Role Playing and Perspective Taking: An Educational Point of View

Role Playing and Perspective Taking: An Educational Point of View

Nadia Carlomagno (Department of Educational Sciences, University of Naples, Naples, Italy), Alfredo Di Tore (Department of Human, Philosophical and Educational Sciences, University of Salerno, Salerno, Italy) and Maurizio Sibilio (Department of Human, Philosophical and Educational Sciences, University of Salerno, Salerno, Italy)
Copyright: © 2014 |Pages: 10
DOI: 10.4018/ijdldc.2014040104


The rationale of this work combines the concepts of role playing and storytelling in the creation of an interactive virtual environment aimed at assessing and training students' perspective taking skill, or the ability of students in primary and secondary level to take the point of view of the characters of a narrative. The ability to take the perspective of others is extremely important from the cognitive point of view. Piaget has suggested that the moment we abandon the egocentric perspective in favor of the ability to take another point of view, takes place not earlier than seven years of age. Subsequent researches challenged the findings of Piaget. For this reason, the project will address children in the last years of primary school (aged 8-10) and the first level of secondary school (aged 11-13). From 8 years old then, in fact, the child, in the opinion of many researchers who have addressed this issue, should be out of the egocentric stage and should have acquired the skill of perspective taking. The goal of current stage is to create a tool that allows the students to take the point of view of the characters in a story and to make choices in the narrative, which are consistent with the role of the character played.
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2. Roles And Functions

As this work is based on the role as a key component of the role playing and storytelling, we believe it is appropriate to start with a precise definition of “role”.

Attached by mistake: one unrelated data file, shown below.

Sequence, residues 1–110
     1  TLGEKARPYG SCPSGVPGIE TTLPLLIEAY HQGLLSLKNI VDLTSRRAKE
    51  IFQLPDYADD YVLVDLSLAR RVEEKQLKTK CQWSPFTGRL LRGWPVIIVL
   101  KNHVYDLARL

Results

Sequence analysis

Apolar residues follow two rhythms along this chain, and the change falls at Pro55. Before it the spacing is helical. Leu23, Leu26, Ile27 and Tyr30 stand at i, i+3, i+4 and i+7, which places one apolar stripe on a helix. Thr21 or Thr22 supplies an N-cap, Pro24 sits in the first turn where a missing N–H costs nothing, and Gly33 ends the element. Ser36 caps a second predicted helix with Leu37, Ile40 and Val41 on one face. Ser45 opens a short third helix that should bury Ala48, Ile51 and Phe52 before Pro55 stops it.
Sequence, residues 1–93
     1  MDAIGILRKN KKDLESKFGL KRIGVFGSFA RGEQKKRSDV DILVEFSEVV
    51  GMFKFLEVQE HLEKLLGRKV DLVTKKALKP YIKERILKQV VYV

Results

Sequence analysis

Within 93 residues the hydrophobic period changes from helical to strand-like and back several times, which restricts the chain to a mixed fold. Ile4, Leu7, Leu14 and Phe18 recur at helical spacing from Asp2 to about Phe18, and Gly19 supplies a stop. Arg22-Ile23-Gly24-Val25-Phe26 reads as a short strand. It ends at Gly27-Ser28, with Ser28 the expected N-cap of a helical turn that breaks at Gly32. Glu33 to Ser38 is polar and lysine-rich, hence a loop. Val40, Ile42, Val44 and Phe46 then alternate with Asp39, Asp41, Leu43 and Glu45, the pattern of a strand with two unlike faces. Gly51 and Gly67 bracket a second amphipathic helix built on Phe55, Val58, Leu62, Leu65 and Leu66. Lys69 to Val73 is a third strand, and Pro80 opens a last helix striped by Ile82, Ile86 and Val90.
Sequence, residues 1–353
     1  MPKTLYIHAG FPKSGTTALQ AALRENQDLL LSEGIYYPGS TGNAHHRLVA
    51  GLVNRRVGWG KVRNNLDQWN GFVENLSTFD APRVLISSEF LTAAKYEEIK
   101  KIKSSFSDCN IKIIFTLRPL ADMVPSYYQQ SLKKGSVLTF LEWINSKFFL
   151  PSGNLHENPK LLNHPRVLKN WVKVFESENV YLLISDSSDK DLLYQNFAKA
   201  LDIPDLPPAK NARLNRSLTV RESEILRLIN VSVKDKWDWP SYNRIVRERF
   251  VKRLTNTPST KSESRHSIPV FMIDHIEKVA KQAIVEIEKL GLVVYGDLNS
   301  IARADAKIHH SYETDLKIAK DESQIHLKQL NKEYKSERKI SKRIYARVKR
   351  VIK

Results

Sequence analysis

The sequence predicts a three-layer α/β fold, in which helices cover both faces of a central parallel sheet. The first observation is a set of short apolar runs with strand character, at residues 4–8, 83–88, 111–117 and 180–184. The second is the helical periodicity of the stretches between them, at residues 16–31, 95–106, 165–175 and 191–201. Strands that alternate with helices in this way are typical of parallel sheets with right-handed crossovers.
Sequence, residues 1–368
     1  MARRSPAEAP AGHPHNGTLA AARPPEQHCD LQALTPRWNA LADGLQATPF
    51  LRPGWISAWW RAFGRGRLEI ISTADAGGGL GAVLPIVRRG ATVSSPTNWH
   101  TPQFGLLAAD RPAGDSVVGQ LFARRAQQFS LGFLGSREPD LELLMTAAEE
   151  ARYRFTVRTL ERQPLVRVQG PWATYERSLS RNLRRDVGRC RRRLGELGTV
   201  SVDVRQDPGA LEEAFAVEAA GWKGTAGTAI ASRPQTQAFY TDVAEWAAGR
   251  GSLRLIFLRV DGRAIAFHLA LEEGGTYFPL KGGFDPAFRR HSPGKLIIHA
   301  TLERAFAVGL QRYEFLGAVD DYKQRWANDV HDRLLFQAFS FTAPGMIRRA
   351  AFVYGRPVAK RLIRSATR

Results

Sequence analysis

According to Hayes-Roth, a role is a class of individuals whose behaviors, relationships and interactions prototypes are known to the actors and the audience (Hayes-Roth, Van Gent, & Huber, 1997).

In order to develop this meaning of role in interactive virtual environment, we have also based on the seminal work of Vladimir Propp's morphology of the fairy tale, published in Russian in 1928, but largely unknown in the West until its first translation in 1958 (Propp, 2010).

In the present work, Propp’s typology is useful “because the narrative progression depends on function rather than content. The functions are arranged in a consistent sequential order but the content within the functions can change. It thus allows us to swap content without derailing the narrative of the story” (Aylett, Lim, Louchart, Petta, & Riedl, 2010; Gibson, 2010).

One of the most fruitful developments of the theory of Propp, in fact, concerns the function of the characters in the tale. When the linguist and anthropologist called the thirty-one functions that make up the story, offering its world-famous scheme, he wanted to put the accent on what the characters do, on what they experience, rather than on their identity, including that of gender.

To characterize, namely, the development of the story plot, nodal actions are carried out from time to time by the hero-protagonist and deuteragonists, by antagonists as well as by simple “characters”, even outlined for a short time. The function is, for Propp, “an act of a character, defined from the point of view of its significance for the course of action”. According to Propp, “functions of characters serve as stable, constant elements in a tale, independent of how and by whom they are fulfilled” (Propp, 2010).

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